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Running and music go together like, well, Sir Mo Farah and a pair of trainers. The right playlist can shift our mood, tap into our thoughts and elevate our performance – even for beginner park runners. But what does an elite athlete listen to? Quadruple Olympic gold medallist Sir Mo Farah shares his top tracks for long-distance training. “I listen to all different types of music depending on my mood or what I’m doing,” he says. “There are times I want to relax and listen to something chilled, but when I’m warming up or on a run something faster and more upbeat is better.” Well, he should know. Here are five standout tracks from his high-tempo selection.

Promoe – Mo Farah Stride

Named after our very own guest curator, this track’s smooth blend of hip-hop lo-fi beats and reggae groove notes provide the perfect base for this uplifting song. It’s a great track to kick off warm-up sessions, as its lyrics about self-confidence and self-belief are perfect for those who want to prep ahead of a challenging session.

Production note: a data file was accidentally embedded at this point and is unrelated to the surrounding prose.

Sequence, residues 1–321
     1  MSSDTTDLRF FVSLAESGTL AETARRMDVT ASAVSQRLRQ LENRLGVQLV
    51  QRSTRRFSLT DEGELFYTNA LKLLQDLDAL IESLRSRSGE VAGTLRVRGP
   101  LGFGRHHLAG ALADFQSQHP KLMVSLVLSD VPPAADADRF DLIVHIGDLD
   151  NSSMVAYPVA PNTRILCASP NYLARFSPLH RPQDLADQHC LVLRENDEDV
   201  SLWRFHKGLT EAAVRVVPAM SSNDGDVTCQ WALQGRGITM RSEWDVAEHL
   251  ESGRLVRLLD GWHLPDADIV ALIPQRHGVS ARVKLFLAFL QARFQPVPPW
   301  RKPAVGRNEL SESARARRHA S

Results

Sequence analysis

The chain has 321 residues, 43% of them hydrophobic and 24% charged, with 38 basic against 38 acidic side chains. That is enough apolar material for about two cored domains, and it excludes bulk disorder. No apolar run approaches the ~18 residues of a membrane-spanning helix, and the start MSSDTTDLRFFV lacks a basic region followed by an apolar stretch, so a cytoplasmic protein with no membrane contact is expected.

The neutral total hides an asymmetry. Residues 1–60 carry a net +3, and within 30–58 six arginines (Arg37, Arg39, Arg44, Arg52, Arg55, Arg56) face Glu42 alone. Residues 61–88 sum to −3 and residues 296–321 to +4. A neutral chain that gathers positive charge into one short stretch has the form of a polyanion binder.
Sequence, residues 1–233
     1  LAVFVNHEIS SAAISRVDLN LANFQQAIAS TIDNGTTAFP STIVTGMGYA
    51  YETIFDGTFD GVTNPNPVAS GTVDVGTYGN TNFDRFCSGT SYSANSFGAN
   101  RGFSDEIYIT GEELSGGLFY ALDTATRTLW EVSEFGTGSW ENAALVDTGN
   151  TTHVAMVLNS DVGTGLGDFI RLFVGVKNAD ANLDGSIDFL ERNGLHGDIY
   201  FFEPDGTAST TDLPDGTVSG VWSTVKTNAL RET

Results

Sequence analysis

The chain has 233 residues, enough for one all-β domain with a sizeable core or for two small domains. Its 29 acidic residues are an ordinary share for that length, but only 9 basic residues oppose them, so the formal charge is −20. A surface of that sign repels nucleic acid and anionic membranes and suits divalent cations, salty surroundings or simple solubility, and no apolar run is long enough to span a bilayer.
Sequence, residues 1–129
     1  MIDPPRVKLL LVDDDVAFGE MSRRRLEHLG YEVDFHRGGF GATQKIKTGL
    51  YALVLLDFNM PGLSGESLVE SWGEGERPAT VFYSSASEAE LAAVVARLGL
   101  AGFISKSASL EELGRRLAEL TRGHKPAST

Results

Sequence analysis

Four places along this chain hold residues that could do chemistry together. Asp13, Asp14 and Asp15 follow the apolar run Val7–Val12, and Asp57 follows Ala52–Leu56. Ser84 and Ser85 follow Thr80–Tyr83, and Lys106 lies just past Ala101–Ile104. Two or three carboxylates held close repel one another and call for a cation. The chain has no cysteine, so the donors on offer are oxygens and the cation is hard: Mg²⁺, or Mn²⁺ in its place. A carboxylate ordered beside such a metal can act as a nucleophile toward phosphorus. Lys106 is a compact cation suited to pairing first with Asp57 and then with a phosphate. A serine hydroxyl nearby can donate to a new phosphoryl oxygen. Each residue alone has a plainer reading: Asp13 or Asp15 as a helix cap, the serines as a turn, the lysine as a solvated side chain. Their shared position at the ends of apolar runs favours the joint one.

DJ Luck & MC Neat – A Little Bit Of Luck

Garage legends DJ Luck & MC Neat’s 1999 chart-topping track builds a steady suspense that reels you in. The kick drumbeat drives a concentration of energy that stimulates focus – which makes this one a must for a progression run.

Wretch 32 (ft Josh Kumra) – Don’t Go

UK rap pioneer Wretch 32’s heartfelt rap ballad is a beautifully reflective track that you’ll want to keep coming back to. Stirring harmonies soothe and uplift, while the steady beat sets a rhythmic pace, which is perfect for your daily workout.

Tupac – Keep Ya Head Up

This track is a legendary hip-hop classic, and rap legend Tupac is at his most poetic with its profound and powerful lyrical content. The song teaches us the importance of keeping our faith during the most difficult times and circumstances, and celebrates the essence of the human struggle.

Stormzy – Superheroes

Stormzy’s Superheroes flies triumphantly with an easy-on-the-ear vocal delivery from one of the UK’s greatest rappers. Sampling Tracy Beaker’s theme song, this reflective track delivers an important message for black British youth.

Top training tracks

Listen to Sir Mo Farah’s playlist and follow it on Spotify

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Bosola Ajenifuja
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